Matthew Evans, Augusta’s father, moved his family to Mobile in 1854 after going bankrupt in Columbus, Georgia and failing to make a go of it in the dangerous frontier town of San Antonio, Texas.   In Mobile Augusta was able to gain access to more extensive libraries.    It was in Mobile at age fifteen than she began writing novels and it was here she wrote them all, though she often set them in other locations.      

After the war and the phenomenal success of St. Elmo, she led a campaign to bring Mobilians killed in the war back to the city for burial in Magnolia Cemetery at what came to known as Confederate Rest.   After her father’s death she married her neighbor Colonel Lorenzo Wilson, twenty seven years her senior.  She moved from Georgia Cottage, which she’d bought from the proceeds of her second novel Beulah in 1859, to Ashland, Wilson’s lavish estate nearby.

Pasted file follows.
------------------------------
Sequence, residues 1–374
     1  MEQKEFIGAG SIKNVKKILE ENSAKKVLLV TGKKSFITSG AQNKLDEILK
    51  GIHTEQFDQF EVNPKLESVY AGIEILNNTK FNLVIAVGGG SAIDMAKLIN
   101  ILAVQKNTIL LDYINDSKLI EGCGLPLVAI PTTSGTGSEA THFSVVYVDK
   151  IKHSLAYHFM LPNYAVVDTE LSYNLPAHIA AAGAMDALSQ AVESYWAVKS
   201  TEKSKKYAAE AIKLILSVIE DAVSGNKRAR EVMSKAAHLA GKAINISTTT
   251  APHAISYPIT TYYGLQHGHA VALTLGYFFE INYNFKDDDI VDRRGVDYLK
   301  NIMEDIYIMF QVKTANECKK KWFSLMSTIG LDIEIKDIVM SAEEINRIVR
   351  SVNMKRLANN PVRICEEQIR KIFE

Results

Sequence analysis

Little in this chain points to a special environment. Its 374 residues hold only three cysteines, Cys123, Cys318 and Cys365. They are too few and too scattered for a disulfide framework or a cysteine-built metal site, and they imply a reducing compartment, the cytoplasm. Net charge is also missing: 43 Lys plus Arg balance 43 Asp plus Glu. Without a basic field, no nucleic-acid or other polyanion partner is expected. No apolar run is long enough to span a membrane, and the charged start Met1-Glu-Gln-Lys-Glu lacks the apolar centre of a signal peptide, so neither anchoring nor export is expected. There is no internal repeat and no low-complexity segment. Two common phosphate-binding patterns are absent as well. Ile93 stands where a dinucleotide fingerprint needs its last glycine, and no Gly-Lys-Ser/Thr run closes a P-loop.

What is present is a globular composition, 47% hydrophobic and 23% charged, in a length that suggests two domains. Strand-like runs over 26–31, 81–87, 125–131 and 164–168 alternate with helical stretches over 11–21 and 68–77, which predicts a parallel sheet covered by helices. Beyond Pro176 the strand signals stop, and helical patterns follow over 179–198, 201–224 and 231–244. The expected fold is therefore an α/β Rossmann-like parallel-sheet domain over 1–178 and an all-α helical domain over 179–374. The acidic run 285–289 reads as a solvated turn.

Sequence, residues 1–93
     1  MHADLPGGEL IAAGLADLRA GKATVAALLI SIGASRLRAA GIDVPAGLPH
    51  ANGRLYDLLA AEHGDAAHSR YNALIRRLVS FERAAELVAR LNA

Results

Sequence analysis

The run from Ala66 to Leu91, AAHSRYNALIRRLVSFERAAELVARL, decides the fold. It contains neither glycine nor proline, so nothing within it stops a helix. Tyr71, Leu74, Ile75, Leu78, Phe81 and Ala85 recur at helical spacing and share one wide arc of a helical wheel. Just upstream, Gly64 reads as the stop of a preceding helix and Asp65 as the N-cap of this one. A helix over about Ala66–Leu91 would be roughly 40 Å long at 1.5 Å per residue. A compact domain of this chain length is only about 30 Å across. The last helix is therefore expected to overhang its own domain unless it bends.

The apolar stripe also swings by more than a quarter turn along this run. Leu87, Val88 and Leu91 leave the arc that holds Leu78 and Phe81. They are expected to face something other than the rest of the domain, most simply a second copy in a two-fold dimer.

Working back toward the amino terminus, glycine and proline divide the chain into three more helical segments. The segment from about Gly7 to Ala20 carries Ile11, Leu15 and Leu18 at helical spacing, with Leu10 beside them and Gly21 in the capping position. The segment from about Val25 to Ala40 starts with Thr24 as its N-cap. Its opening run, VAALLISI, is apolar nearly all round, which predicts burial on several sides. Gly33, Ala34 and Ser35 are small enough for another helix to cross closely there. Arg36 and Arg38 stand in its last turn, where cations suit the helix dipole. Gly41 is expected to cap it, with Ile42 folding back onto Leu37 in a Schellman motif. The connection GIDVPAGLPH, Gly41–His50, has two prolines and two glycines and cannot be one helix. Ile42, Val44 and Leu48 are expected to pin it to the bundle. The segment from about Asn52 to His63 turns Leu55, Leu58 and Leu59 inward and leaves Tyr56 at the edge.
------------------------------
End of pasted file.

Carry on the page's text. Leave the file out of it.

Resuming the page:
Octavia LeVert had been the reigning social queen in Mobile before the war but reportedly lost favor for being too gracious toward the Union officers who occupied Mobile after the South’s defeat.   Augusta Evans Wilson, as she was now, carried the burden of the Lost Cause; local sentiment apparently was more in line with her views than Madame Levert’s.   Miss ‘Gusta became the new destination for visitors to Mobile and she graciously permitted these intrusions into her private life, with at least one exception in the form of Oscar Wilde, who offended her unbending sense of morality. Augusta is buried in Magnolia Cemetery not far from the Confederate veterans whose loss she never forgot.   She was, as Fidler puts it, an ‘arch-rebel’ but also perhaps the original steel magnolia.

Click on the links in the left sidebar or on the chapter headings below:

Miss 'Gusta gets married

Community Leader

Memories of Georgia Cottage

Augusta and Oscar Wilde

Ashland: Domestic Bliss